Dawn Goodwin talks about her debut novel, The Accident, and reveals the best thing about being a writer.
1. Can you tell us more about your book, The Accident?
The Accident is a dark story about friendship, betrayal and love. It tells the story of Veronica Pullman, who is struggling to come to terms with the death of her daughter. Isolated by grief from her friends and her husband, she meets Scarlet, who helps her to realise that there is life after death. However, someone doesn’t want her to start living her life again and is tormenting Veronica, pushing her to the edge – but who?
2. What is your favourite part or scene from The Accident?
I particularly love all of the interactions between Scarlet and Veronica as they are all about living in the moment, but the scene that has always been special to me is the first time Veronica sees Scarlet in the street, dancing in the rain. That image in my head was the starting point of the whole idea behind the book. I wanted to know who Scarlet was and where she had come from. The rest of the narrative grew from there.
3. Where did you get the inspiration for the characters of Veronica and Scarlet?
Veronica and Scarlet are loosely based on some of the friends and acquaintances I have crossed paths with over the years, particularly on the school run every day. I wanted the lead characters to be polar opposites, but to have a common bond regardless as a way of exploring why we choose certain people to be our friends and how many of our friendships are based on habit and obligation. Veronica is a woman who settled down early, had a family and surrendered her own ambitions for her husband and child, but she could’ve been someone very different had she have made different choices, which is an interesting concept in itself.
4. Was there a particular part of the novel that was really difficult to write for you?
The confrontation between Tom and Veronica was incredibly difficult to write. I have two daughters and trying to capture in words the notion of losing them and having to face up to a life without them was very challenging and emotional, especially as it’s not something a parent wants to have to think about.
5. Do you listen to music when writing? And if so, what kind of music inspires you?
I prefer to write in silence for the most part so that I can hear the characters’ voices clearly in my head, but if I do listen to anything (usually when I am writing a challenging or emotional scene), I will fit the music to the plot.
6. Who are some of your favourite authors at the moment?
My all-time favourite author is Stephen King. I read It when I was 13 and it terrified me, but it’s the first book I can remember not wanting to put down. I have since read everything he has written. I am equally a fan of J.K. Rowling and will read anything she writes. I have a varied reading taste in general – from YA to thrillers, sci-fi to crime. I will certainly be keeping my eyes open for more books from some of the debuts I have read recently, such as Jane Harper, Jessica Jarlvi and Ali Land. I’m currently reading Behind Her Eyes by Sarah Pinborough.
7. Who is your favourite fictional hero or heroine?
A difficult question as I’ve read so many books involving brilliant, plausible, inspirational heroes and heroines. When I was younger, Scout Finch from To Kill a Mockingbird resonated with me for her intelligence, determination and eagerness to see the good in people. I have a weakness for a flawed hero and I like to see them fail before they succeed.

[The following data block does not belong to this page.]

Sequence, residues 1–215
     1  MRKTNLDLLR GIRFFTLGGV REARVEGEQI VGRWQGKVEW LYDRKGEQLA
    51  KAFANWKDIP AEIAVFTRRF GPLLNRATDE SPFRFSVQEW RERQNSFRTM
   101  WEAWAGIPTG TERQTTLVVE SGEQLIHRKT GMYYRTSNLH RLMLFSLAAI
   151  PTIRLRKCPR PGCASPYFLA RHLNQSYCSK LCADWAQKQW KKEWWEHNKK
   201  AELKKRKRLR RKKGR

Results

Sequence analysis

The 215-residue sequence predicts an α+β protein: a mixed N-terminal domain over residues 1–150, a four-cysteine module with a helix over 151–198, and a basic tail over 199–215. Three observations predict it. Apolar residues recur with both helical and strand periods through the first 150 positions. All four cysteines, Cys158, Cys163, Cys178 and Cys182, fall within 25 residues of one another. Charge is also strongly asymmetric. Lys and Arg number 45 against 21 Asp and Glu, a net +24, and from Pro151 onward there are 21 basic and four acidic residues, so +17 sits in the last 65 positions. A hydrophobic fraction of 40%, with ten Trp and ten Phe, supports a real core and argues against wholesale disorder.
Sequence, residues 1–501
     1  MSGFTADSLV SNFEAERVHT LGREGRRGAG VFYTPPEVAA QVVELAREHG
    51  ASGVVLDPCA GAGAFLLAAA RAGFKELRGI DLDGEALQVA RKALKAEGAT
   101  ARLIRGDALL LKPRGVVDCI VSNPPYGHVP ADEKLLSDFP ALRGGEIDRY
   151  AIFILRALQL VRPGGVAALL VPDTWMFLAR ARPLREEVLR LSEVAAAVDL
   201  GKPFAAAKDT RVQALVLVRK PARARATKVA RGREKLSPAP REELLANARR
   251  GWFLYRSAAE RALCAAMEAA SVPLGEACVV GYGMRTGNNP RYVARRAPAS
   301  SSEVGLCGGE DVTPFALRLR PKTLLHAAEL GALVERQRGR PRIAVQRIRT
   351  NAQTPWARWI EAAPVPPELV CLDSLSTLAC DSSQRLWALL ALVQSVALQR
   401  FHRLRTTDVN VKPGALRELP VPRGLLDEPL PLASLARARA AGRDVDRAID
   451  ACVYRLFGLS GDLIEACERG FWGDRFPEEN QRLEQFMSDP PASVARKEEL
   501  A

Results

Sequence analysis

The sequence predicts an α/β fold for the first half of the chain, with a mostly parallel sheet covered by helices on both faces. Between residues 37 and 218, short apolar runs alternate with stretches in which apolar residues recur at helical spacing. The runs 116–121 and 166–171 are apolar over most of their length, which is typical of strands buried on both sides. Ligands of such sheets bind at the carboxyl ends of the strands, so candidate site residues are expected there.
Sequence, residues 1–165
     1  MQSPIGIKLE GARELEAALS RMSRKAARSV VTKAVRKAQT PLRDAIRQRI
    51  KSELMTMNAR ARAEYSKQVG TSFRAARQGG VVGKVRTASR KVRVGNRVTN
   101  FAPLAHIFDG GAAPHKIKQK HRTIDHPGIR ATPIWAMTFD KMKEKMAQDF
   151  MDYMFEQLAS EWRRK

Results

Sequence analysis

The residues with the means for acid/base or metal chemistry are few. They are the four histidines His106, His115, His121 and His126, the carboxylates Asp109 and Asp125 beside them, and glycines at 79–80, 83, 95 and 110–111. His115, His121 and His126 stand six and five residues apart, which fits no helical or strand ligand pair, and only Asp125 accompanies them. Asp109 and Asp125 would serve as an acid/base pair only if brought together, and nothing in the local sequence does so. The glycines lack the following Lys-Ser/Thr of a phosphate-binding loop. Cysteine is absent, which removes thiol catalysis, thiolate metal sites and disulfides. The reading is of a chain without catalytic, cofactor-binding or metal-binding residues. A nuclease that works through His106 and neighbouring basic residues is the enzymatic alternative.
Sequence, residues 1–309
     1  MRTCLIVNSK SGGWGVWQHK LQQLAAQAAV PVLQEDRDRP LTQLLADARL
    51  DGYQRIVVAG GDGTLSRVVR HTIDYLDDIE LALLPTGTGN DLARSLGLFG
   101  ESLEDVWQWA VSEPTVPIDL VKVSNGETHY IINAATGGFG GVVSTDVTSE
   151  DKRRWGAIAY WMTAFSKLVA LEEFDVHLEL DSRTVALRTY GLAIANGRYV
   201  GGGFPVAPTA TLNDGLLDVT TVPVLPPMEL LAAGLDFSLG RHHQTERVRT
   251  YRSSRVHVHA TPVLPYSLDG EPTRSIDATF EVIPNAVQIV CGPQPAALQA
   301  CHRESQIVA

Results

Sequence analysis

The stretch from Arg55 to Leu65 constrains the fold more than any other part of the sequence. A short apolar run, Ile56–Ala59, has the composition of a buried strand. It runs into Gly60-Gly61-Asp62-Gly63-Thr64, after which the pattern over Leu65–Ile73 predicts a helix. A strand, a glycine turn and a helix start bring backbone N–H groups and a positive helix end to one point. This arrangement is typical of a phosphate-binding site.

8. What is the best thing about being a writer?
To me, it is the freedom to live vicariously through my imagination. I can be whoever I want to be and behave as scandalously as possible. Equally, I’d like to think that I may have moved someone, whether to tears, anger or joy, or provided readers with half an hour of escapism from their everyday lives.
9. What is the worst thing about being a writer?
I don’t know if there is a “worst thing”. It is what I have always wanted to do and although it is a solitary existence, with much of my time spent toiling away on my own, it is my interactions with other people that bring my stories to life with realistic characters. The worst thing for me at the moment is that I can’t spend all of my time writing, but have to balance writing with my other day job, which can get very stressful.
10. What’s next for you?
I’m currently working on my second novel to be published by Aria, which is due out in 2018, and I have an idea brewing for another novel after that, which is currently skirting around my consciousness and taking on a rough form on scraps of paper and notes.
A tragic accident, an unbearable loss and a marriage in crisis – but who can she trust or is she all alone?
Veronica Pullman’s comfortable suburban life comes to a shuddering halt when her young daughter, Grace, tragically dies in a car accident. Months later, unable to come to terms with her daughter’s death, detached from her husband and alienated from her friends and family, a chance encounter on a rainy street pushes her into an unlikely new friendship.
Scarlet is everything Veronica could’ve been: feisty, adventurous, unpredictable. But as she approaches what would have been Grace’s 10th birthday, it becomes clear to Veronica that the friendship she thought was saving her life could be costing her everything.
Consumed by grief and left questioning her own sanity, is there anyone she can really trust or is someone out to torment her as part of their twisted game?
Dawn Goodwin’s career has spanned PR, advertising and publishing. Now, she loves to write about the personalities hiding behind the masks, whether beautiful or ugly. Married, she lives in London with her two daughters and a British bulldog called Geoffrey.